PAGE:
Healthy brain food choices on a plate shaped like a human head. Healthy brain food choices on a plate shaped like a human head.

Fueling the Brain: Understanding Its Energy Needs and Sources

The brain is the most complex organ of the body. It performs the most complex functions and is the control center. Since this function is so prime, the cell density, primarily of the neurons, is very high. However, we need to work on improving its energy.

Do you know nerve cells are the kind of cells that require the most energy and are capable of consuming almost 50% of the body’s energy?

What is the Primary Source of Fuel for the Brain? Does the brain only use glucose to satisfy its energy requirements, or are there other substitutes also? I understand you are about to ask all these. I’ll highlight this topic further and try to answer all your queries.

Let’s Understand the Brain’s Energy Requirements

Although it accounts for only 2% of your body’s mass, its energy consumption is almost 20% of the total energy consumption of your whole body. Your brain requires high energy because of its functions. It has to maintain ion gradients, synaptic transmissions, and other vital processes.

Stable energy is required to perform these functions optimally, so let’s understand the mechanism of your brain’s functioning and energy metabolism.

 What is the Primary Source of Fuel for the Brain?
Source: Pixabay

Your brain’s functions, like thinking, learning, and memory, rely on glucose energy for efficient functioning. If your brain’s glucose level is insufficient, your messengers, neurotransmitters, aren’t produced. This leads to a loss of communication between your neurons.

Apart from neuronal computations, your brain’s energy is used for information processing, such as generating action potentials and other synaptic events. It also maintains ion gradients, which are necessary for neurotransmitter biosynthesis.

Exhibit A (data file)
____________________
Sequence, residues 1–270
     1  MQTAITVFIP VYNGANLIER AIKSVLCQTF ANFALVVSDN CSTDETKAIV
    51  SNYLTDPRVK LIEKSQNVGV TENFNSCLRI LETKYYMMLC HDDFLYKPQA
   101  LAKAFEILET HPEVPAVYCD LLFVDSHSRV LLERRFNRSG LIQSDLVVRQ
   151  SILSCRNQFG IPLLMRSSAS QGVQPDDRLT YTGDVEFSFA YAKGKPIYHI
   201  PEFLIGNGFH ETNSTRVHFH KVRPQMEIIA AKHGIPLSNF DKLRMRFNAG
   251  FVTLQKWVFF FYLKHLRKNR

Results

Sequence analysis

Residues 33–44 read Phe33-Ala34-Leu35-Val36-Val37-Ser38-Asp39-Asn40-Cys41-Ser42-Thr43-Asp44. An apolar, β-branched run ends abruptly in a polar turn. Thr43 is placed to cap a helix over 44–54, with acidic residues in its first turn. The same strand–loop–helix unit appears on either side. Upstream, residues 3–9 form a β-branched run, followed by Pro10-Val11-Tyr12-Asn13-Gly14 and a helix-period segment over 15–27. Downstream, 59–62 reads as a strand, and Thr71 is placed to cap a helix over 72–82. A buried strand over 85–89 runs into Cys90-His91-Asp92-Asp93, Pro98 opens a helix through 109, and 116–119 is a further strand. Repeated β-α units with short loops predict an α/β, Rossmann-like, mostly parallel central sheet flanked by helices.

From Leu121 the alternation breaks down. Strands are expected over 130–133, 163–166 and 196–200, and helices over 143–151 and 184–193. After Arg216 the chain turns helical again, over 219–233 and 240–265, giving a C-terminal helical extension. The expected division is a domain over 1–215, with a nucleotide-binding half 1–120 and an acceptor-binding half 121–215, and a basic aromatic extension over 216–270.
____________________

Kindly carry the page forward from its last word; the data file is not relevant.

Your neurons require a lot of energy. Action potentials generated along axons and synaptic activity between neurons require significant energy. And signaling mechanisms during a synapse also consume considerable energy.

 What is the Primary Source of Fuel for the Brain?
Source: Pixabay

Glucose as the Primary Fuel Source

Glucose, metabolized via glycolysis, the tricarboxylic acid cycle, and oxidative phosphorylation, is your primary energy source. It is converted into adenosine triphosphate, which serves as your body’s primary energy currency.

A second important component is also responsible for the proper glucose uptake of your brain. So, insulin is the hormone that regulates glucose uptake, making it more available for your brain than the more peripheral parts of your body.

As we have seen above, it is a very important energy source for you, so much so that if the availability is higher, your brain’s performance improves. In adults, it leads to better memory.

You have seen that glucose is very necessary, but even then, there can be a chance that it is not completely available for your brain due to the blood-brain barrier that regulates what enters your brain.

In some cases, however, if your sugar level exceeds the required amount or goes below, these fluctuations can also impair your cognitive functions or affect your brain’s overall health, depending on whether it is hyperglycemia or hypoglycemia. Various studies have confirmed that prolonged hypoglycemia can cause functional brain failure, further leading to brain death.

The Icy Whiz team interviewed Lisa Richards, Nutritionist at The Candida Diet, and asked her about the brain’s energy requirements and primary fuel source. Here is what she had to say:

Lisa Richards
Lisa Richards

“Ketones and glucose serve as alternative sources of fuel for the brain, each with unique metabolic pathways and implications for brain function and energy metabolism. Glucose is the primary energy source for the brain under normal physiological conditions.

It is derived from carbohydrates and is readily utilized by brain cells to produce ATP, the energy currency of cells. Glucose metabolism is efficient and provides a quick energy source, supporting various cognitive functions, including memory, learning, and overall brain health.

On the other hand, ketones are produced when the body metabolizes fat in the absence of sufficient glucose, such as during periods of fasting, low-carbohydrate diets, or prolonged exercise.